Forum for Science, Industry and Business

Sponsored by:     3M 
Search our Site:

 

Many children make post-GCSE choices by age of 11, study suggests

03.08.2005


What young people say at the age of 11 about their intentions to stay at school post-16 is a good predictor of whether or not they will actually stay in post-compulsory education, according to a major study at the University of Reading.



Research conducted by Professor Paul Croll, and funded by the Economic and Social Research Council (ESRC), looked at the intentions of young people expressed through their years in secondary school and compared these with their behaviour at the end of compulsory schooling.

The research analysed the responses of 11-year-old children, in their first term of secondary education, to a question about whether or not they planned to stay in education after they were 16. Some 11% said they would definitely leave, and 67% said they would stay on. The remainder were not sure. These results were then compared with the actual outcomes for the same young people.


Of those who said they would leave, two thirds actually did so. While of those who said they would stay on, almost four-fifths actually did so. Girls were more likely to stay on than boys, and young people from families in middle class occupations were more likely to stay on than other young people. Both these differences were also apparent in the earlier expressions of intentions.

The study involved a secondary analysis of the British Household Panel Survey (BHPS), an ESRC funded research resource in which the same sample of adults and teenage children in their households have been interviewed annually since 1991. The annual expressions of intentions to stay at school showed that young people have much firmer intentions about staying on than leaving. Of those asked the question on at least four occasions, more than 50% always said they would stay on, while only 2% always said they would leave.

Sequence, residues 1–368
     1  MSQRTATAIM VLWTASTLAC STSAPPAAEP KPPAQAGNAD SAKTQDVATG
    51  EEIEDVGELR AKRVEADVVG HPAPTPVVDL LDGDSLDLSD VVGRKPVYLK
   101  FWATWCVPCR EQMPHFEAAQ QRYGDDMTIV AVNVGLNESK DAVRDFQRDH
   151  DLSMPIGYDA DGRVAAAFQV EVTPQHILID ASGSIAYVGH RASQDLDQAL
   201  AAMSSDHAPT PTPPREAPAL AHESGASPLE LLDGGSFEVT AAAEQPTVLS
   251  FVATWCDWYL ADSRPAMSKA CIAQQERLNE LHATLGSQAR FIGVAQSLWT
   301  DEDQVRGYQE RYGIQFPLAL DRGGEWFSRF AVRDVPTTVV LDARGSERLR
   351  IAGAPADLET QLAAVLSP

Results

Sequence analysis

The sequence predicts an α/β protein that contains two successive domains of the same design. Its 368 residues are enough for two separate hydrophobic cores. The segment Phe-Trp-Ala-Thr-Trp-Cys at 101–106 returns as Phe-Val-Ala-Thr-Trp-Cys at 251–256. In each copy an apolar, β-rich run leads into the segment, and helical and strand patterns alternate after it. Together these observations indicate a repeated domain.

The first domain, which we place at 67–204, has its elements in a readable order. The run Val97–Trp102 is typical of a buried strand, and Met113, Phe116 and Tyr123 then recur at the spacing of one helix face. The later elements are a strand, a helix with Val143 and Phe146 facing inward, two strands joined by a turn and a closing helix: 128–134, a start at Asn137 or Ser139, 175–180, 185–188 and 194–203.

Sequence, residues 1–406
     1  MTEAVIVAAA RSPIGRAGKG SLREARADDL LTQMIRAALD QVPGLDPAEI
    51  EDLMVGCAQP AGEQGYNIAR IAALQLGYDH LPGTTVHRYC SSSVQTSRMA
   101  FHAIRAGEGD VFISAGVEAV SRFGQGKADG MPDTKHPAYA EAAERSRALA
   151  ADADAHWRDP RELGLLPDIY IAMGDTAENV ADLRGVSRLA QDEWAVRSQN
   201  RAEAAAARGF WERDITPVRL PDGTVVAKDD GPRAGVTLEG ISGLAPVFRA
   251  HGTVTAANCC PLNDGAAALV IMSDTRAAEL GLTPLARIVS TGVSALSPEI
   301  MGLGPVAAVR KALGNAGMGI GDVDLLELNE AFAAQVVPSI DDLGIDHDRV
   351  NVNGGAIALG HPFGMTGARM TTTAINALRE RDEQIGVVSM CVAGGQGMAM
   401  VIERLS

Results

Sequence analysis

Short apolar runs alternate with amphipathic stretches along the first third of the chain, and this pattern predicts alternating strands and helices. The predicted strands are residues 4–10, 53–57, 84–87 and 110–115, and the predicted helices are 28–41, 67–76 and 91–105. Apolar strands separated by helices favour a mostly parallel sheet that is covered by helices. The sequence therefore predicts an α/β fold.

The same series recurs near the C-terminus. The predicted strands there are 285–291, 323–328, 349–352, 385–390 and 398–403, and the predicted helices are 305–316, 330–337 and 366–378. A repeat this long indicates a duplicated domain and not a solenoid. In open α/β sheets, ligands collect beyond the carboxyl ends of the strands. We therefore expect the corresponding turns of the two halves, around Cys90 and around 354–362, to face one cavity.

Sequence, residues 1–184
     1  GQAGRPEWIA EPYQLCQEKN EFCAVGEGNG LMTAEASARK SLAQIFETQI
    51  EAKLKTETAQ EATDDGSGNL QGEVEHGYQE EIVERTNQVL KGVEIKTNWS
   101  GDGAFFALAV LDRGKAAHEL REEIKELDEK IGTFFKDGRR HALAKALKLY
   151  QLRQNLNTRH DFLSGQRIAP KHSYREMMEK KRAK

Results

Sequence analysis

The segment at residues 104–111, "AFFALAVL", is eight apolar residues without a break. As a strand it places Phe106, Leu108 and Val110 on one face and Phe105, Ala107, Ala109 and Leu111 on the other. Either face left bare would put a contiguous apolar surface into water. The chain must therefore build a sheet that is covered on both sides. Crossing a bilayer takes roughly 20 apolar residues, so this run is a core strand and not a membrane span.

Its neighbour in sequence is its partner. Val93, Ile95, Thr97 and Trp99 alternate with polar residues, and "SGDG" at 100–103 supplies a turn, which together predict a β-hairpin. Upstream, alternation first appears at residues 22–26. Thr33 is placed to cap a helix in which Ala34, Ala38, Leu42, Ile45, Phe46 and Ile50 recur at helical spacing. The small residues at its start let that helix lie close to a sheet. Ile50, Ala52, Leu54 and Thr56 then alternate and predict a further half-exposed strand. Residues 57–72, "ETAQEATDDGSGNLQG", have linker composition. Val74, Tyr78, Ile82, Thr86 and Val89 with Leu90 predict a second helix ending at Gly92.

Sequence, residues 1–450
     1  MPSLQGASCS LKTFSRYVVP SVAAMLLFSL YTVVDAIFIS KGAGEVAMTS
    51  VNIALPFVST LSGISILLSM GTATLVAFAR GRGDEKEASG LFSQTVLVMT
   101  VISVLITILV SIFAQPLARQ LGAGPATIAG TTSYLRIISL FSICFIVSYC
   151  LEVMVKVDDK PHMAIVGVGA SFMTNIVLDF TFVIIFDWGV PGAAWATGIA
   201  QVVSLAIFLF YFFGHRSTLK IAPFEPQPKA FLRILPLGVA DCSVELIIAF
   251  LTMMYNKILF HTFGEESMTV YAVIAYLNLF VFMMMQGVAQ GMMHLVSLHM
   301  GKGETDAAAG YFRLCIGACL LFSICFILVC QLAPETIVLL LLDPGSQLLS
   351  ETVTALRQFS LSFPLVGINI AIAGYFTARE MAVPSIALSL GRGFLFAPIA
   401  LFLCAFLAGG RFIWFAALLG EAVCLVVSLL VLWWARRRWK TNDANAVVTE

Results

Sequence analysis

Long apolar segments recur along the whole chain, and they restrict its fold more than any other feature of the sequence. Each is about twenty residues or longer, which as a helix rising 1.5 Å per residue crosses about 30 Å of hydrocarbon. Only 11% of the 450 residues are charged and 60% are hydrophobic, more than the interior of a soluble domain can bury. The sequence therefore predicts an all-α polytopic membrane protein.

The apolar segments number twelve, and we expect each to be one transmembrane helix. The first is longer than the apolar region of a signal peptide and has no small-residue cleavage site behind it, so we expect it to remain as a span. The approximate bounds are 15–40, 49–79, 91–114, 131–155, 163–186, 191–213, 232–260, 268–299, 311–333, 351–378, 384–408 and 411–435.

Professor Croll said: “These results show that young people’s orientations towards education and schooling are relatively firmly fixed by the time they leave primary school. It is very striking that intentions about staying on or not are actually realised in such a high proportion of cases.

“However, it should also be noted that most of those who saw they will leave waver in their intentions through the years of secondary school and, at least at some points they become unsure about their intentions. The results also show the value of this kind of longitudinal analysis and of longitudinal research resources like BHPS.”

BHPS interviews about 770 young people annually. The results on the predictive power of early intentions are based on 237 young people who were in their first year of secondary schooling in 1994 or 1995.

More details are given in the final report to ESRC, Project No R000239963, ’The Formation and Transmission of Educational Values and Orientations’.

Craig Hillsley | alfa
Further information:
http://www.rdg.ac.uk

More articles from Science Education:

nachricht Decision-making research in children: Rules of thumb are learned with time
19.10.2016 | Max-Planck-Institut für Bildungsforschung

nachricht Young people discover the "Learning Center"
20.09.2016 | Research Center Pharmaceutical Engineering GmbH

All articles from Science Education >>>

The most recent press releases about innovation >>>

Die letzten 5 Focus-News des innovations-reports im Überblick:

Im Focus: Novel silicon etching technique crafts 3-D gradient refractive index micro-optics